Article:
For example, the town of Tororo in Uganda has grown rapidly due to the mining of copper and cobalt. The town now has a population of over 100,000 people and is a major economic hub in the region.

Creation of employment opportunities for the people which boosts their standards of living e.g. engineers.

The mining sector is a major source of employment in East Africa. It employs millions of people, including engineers, geologists, miners, and support staff. These jobs provide a much-needed source of income for people in the region and can help to boost their standards of living.

For example, the mining sector in Tanzania employs about 1 million people. This is a significant number of jobs, especially in a country with a high unemployment rate.

It leads to the development of infrastructures e.g. schools and hospitals which lead to urbanization.

The mining sector can also lead to the development of infrastructure, such as schools and hospitals. This is because mining companies need to provide these services to their employees and their families. These developments can lead to urbanization, as people move to the area to take advantage of the new opportunities.

For example, the mining company AngloGold Ashanti has built a school and a hospital in the town of Geita in Tanzania. These facilities have improved the quality of life for the people in the area and have attracted more people to the town.

Improvement of international relations through trade which promotes world peace e.g. between Japan and Uganda.

The mining sector can also improve international relations through trade. This is because minerals are traded internationally, which can bring countries together. For example, Japan imports minerals from Uganda, which helps to promote trade between the two countries. This can lead to improved relations and peace between the two countries.




This leads to the diversification of the economy which increases government revenue and ensures constant capital inflow.

The mining sector can also help to diversify the economy of East Africa. This is because it is a source of income that is not dependent on agriculture. A diversified economy is less vulnerable to shocks, such as droughts or floods.

For example, the mining sector in Tanzania contributes about 10% of the country’s GDP. This diversification helps to ensure that the country’s economy is not overly reliant on agriculture.

Overall, the mining sector is an important contributor to the economy of East Africa. It provides jobs, generates revenue, and helps to improve infrastructure and living standards. The mining sector can also help to improve international relations and promote peace.




It leads to the development of industries that process the minerals leading to economic diversification e.g. Tororo cement industry.

Mining can lead to the development of industries that process the minerals, which can lead to economic diversification. This is because the processing of minerals creates new jobs and businesses, which can help to reduce dependence on a single industry. For example, the Tororo Cement Industry in Uganda processes limestone, which is a mineral that is mined in the country. The industry employs over 1,000 people and generates millions of dollars in revenue each year.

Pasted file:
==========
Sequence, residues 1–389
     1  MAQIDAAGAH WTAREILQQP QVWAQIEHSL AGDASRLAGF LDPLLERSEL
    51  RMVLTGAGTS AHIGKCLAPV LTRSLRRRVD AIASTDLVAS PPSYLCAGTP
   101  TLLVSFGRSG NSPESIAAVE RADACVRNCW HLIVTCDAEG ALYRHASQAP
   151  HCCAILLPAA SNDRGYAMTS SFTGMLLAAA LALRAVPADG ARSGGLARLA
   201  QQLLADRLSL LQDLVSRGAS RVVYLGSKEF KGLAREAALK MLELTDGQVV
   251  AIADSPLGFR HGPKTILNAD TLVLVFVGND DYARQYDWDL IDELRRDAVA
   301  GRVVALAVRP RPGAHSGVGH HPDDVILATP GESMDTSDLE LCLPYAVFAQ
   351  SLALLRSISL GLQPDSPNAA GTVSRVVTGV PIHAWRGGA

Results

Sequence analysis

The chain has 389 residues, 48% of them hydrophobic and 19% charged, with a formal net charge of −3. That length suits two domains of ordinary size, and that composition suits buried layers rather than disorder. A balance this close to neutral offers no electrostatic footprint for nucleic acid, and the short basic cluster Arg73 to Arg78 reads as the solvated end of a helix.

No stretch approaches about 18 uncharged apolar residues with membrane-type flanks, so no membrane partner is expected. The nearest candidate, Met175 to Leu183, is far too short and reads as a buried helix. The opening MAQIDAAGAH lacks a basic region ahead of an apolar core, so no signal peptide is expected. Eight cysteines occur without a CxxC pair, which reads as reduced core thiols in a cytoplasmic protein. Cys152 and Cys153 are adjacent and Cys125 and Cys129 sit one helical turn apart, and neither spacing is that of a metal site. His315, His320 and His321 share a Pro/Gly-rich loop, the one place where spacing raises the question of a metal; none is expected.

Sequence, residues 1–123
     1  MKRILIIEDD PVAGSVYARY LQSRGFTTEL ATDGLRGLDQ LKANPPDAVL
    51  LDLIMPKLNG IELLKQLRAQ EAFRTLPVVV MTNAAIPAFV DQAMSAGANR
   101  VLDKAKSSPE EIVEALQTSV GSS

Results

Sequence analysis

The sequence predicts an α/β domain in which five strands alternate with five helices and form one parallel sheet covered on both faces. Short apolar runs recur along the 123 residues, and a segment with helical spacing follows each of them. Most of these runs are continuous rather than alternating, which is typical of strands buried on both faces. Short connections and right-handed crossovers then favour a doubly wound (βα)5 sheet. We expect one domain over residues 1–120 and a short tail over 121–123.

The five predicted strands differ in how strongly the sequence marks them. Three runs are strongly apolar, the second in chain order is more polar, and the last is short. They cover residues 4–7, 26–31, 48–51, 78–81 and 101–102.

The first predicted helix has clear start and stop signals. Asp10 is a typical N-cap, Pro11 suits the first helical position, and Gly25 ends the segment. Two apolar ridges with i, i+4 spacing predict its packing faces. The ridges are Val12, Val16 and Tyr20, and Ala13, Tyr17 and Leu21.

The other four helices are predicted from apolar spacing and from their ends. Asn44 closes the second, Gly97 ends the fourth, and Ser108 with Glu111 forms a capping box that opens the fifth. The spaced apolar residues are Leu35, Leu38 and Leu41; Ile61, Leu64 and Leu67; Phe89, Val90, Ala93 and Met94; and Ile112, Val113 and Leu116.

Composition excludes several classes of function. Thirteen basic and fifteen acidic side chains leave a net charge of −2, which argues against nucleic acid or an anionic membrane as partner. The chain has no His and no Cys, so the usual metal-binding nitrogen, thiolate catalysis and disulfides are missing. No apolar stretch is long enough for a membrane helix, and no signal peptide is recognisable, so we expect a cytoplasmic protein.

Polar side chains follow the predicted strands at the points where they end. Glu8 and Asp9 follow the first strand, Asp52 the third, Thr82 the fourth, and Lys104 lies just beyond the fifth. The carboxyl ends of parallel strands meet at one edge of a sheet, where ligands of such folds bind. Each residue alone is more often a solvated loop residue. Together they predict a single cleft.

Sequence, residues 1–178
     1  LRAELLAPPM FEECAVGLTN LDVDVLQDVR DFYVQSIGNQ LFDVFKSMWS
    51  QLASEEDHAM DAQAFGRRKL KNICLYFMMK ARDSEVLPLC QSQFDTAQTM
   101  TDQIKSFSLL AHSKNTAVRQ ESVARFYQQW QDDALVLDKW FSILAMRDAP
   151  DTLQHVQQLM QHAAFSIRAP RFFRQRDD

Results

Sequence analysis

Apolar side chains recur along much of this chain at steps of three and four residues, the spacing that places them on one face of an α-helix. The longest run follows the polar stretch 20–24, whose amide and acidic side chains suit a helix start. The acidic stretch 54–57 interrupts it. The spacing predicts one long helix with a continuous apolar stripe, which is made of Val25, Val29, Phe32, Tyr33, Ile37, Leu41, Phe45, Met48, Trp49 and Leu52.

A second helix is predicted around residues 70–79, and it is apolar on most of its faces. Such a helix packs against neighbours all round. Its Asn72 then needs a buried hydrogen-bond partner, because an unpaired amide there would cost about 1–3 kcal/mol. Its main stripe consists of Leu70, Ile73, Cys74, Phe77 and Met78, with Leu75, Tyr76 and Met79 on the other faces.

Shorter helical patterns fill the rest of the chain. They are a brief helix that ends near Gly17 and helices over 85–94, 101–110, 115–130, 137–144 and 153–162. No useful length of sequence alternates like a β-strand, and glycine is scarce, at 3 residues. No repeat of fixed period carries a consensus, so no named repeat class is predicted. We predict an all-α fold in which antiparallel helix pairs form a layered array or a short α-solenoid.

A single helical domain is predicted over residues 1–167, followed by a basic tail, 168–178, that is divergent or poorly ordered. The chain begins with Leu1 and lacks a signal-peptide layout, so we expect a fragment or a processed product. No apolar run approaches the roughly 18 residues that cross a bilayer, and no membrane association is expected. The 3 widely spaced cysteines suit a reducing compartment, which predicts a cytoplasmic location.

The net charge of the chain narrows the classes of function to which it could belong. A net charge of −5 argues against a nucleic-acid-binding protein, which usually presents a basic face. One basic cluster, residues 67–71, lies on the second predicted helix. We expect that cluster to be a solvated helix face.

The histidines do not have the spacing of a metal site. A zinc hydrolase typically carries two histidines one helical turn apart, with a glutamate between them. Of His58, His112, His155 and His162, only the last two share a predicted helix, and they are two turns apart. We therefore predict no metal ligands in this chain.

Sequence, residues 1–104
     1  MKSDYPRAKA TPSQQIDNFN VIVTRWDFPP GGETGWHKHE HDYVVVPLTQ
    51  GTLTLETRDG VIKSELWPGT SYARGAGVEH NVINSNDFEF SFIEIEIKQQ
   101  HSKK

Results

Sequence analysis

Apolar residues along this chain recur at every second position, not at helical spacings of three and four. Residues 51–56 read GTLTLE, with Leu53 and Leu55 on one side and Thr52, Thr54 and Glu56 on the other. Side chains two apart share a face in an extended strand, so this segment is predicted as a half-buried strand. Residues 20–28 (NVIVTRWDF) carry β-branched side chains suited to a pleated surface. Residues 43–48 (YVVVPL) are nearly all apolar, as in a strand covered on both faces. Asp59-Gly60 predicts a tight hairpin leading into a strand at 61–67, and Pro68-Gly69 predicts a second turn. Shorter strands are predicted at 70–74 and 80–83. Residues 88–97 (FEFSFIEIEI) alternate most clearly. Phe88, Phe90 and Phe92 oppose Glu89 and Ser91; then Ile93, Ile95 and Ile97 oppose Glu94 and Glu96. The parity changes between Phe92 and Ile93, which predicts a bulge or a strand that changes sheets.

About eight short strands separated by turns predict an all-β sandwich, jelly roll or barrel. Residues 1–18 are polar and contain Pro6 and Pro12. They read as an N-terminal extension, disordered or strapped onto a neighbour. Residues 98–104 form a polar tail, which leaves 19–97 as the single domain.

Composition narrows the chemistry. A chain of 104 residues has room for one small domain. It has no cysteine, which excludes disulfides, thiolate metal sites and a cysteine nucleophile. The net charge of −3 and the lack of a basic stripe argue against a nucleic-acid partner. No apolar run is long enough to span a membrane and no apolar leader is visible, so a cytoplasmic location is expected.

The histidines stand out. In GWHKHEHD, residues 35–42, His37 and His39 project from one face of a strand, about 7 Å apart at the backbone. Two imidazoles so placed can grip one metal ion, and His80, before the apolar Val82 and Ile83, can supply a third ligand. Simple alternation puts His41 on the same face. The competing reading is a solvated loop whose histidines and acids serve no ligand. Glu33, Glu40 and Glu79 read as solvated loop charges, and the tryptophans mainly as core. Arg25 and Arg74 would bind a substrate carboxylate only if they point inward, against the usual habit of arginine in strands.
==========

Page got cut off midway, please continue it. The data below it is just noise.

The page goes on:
It leads to the development of agriculture through the provision of the market for food from neighbouring communities e.g. in Kasese.

Mining can also lead to the development of agriculture by providing a market for food from neighboring communities. This is because miners need to eat, and they often buy food from local farmers. For example, in Kasese, Uganda, mining has led to the development of a large market for food from neighboring communities. This has helped to improve the incomes of farmers and has also led to the development of new businesses, such as restaurants and hotels.

Roads and railway lines are constructed which lead to easy movement of goods and services.

Mining can also lead to the construction of roads and railways, which can improve the transportation infrastructure in a country. This can make it easier to move goods and services, which can boost economic growth. For example, the construction of the Mombasa-Nairobi railway in Kenya was funded by the profits from the mining industry. The railway has helped to reduce transportation costs and has also made it easier to export goods from Kenya to other countries.

In addition to these economic benefits, mining can also have a number of social and environmental impacts. These impacts can be positive or negative, and they need to be carefully considered before mining projects are approved.

Some of the positive social impacts of mining include:

  • The creation of jobs
  • The provision of infrastructure, such as roads and schools
  • The increase in tax revenue for the government
  • The development of new businesses

Some of the negative social impacts of mining include:

  • The displacement of people from their homes
  • The pollution of water and air
  • The degradation of ecosystems
  • The exploitation of workers

It is important to weigh the positive and negative impacts of mining before approving a project. The decision should be made based on the specific circumstances of the project and the needs of the community.




Overall, mining can be a beneficial activity for East Africa, but it is important to manage it carefully to avoid negative impacts.